“They are all barbarians,” I exclaimed to Hanna, who had called me just as I was exiting Shuk Ha’Carmel – the Carmel Market – on Tuesday morning.
Hearing my own words, however, I was immediately struck by their unadulterated foolishness. Indeed, such a pronouncement about bastot (stall) owners in the Shuk – and after 15 years here – was up there, in the obviousness stakes, with statements such as “Israelis can, on occasion, be not particularly considerate drivers” and “Bibi may not really be interested in a settlement with the Palestinians.”
Not wanting Hanna to think me a complete buffoon (I don’t think that either of us had yet ruled out – though she may have now – a friendship beyond the purely platonic), I attempted to justify my outburst by relating how a stallholder who has supplied all of my bread requirements for years had dismissed me with a contemptuous wave of the hand, as if waving away a beggar, as I was attempting to show him (for his information, as it were) how the last loaf purchased had not – through no fault of the Rechov Melchett freezer (as frosty as the drawers of a frigid Polania) – frozen properly through the middle.
“Are you mad,” said Hanna. It dawned upon me that my chances might have receded even further. “Do you think that he has the education to comprehend, or to care, why your bread might not have frozen?!”
I cannot deny it: over the years, I have had more than my fair share of run-ins with Israeli customer service. But the truth is that, on this occasion, I hadn’t expected understanding or sympathy . . . merely civility and, perhaps, that – for a good customer – the Persian would, like an English trader in his shoes, feign a polite smile and hand over (however reluctantly) a fresh loaf. And, before opting (wisely, I think) not to dig my hole vis-à-vis Hanna any deeper, I considered educating her as to how it is precisely such seemingly trivial gestures that make up the fabric of a livable society.
Talking of societies and fabrics, I grew up in a most “livable” one in which they could be returned to retailers even after they had been worn to numerous engagements/functions. Indeed, I could swear that M&S Brent Cross had a dedicated queue for Jewish housewives returning outfits with which they had become bored, or – horror of all horrors – in which they had spotted a rival (i.e., any other Jewish) female. Even my bar mitzvah suit went back immediately following the big day after a magnifying glass helped identify a miniscule imperfection in its pinstripe (“He finds it itchy” was considered unlikely to suffice). Moreover, a recently-visiting friend related how North-West Londoners routinely return LCD tellies to Costco (a cash and carry warehouse), which exchanges them for the latest model without so much as a query (compare that to the Jerusalem fax paper episode!)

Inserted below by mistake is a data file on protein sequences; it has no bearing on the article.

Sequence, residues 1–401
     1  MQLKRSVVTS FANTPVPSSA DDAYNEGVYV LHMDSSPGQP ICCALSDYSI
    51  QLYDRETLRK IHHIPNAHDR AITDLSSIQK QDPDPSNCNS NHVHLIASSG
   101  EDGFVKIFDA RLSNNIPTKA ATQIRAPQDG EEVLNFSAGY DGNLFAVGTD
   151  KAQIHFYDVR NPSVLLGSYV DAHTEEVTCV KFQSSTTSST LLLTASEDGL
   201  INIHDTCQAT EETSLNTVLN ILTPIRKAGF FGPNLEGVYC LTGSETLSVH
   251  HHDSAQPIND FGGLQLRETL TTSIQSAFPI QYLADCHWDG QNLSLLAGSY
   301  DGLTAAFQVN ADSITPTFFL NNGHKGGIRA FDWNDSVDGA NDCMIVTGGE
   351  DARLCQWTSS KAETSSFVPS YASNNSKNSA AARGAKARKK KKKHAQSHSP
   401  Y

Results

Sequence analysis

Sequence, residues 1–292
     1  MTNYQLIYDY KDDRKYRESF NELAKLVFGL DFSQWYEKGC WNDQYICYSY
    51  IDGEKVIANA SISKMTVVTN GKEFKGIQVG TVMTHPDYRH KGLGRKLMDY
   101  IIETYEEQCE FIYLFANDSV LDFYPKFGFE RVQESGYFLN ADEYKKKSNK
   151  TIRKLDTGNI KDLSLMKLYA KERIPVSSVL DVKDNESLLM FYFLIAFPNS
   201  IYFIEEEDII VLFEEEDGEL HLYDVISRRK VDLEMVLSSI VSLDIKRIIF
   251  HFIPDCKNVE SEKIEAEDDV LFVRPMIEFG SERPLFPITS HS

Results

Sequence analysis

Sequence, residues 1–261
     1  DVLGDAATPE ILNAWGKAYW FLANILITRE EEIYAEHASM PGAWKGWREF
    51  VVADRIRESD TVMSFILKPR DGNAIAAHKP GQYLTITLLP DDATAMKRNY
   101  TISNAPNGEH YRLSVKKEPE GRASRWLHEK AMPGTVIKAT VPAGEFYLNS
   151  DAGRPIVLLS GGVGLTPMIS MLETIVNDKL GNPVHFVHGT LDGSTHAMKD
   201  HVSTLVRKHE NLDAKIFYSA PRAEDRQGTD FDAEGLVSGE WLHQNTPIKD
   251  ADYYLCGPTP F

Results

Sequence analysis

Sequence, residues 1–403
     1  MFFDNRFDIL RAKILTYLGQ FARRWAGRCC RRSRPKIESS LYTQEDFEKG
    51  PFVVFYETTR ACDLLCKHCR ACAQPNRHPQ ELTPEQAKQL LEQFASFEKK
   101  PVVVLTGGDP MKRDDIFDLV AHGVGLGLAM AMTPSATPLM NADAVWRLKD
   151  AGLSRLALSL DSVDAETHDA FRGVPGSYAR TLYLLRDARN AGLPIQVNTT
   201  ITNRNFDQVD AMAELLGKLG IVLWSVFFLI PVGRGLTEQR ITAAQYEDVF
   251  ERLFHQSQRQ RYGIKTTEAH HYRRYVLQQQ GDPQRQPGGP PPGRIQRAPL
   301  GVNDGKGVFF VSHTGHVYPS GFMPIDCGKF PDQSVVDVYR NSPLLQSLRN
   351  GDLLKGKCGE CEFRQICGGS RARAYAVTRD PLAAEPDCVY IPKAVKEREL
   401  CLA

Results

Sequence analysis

On discussing this post in the pub, yesterday evening, my friend Yuval was of the view that while such wonderful customer service may be viable in the UK, the consumer chutzpah that can so easily abuse it makes it impossible in the Jewish state, where sellers do not wish to be freiers any more than buyers. Makes sense.
Even the knowledge that Shuk Ha’Carmel traders are renowned for their primitiveness and lack of education – as well as for living off largely undeclared income in the swankiest suburbs of north Tel Aviv – does not, as it should, help me to rise above and not get wound-up by their ill-breeding. Two other friends, and fellow olim, refer to this type of Israeli male (regrettably, not encountered only in the shuk) as “apes”/“monkeys”; often apposite-seeming epithets, which – before the accusations of racism start to fly – relate to their behaviour rather than (or, at least, more than) their ethnicity. Let’s face it, if it is swarthy, hairy, excitable and cheeky, it ain’t no sheep or swan!
Might I, however, have become one of them? It has been said . . .
On Tuesday, as I wheeled my trolleyful of produce back past the Persian – and in spite of having had at least half an hour to cool down – I experienced another frozen yogurt/Jerusalem Post moment, informing him that he was a “shmock” from whom I had made my last purchase.
As Hanna subsequently made very clear, however, on this occasion there had been only one shmock . . . and, from now on, I would be better off using my loaf.